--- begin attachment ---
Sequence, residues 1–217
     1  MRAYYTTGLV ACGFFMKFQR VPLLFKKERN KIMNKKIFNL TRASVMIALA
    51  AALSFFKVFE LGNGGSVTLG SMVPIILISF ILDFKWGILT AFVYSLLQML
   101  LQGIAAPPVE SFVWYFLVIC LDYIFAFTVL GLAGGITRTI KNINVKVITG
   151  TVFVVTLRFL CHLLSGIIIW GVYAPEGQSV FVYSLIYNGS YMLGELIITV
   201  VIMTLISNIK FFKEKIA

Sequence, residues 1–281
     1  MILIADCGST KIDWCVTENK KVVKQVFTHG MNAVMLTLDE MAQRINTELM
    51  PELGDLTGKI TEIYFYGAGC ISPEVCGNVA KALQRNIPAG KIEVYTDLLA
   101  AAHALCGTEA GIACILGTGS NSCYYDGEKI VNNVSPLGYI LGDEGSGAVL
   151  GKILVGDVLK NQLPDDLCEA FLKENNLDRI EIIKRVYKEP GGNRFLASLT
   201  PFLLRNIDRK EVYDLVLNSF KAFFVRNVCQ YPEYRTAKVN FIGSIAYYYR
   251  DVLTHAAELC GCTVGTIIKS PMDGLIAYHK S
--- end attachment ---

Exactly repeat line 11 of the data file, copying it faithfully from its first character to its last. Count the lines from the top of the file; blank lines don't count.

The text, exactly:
   151  GKILVGDVLK NQLPDDLCEA FLKENNLDRI EIIKRVYKEP GGNRFLASLT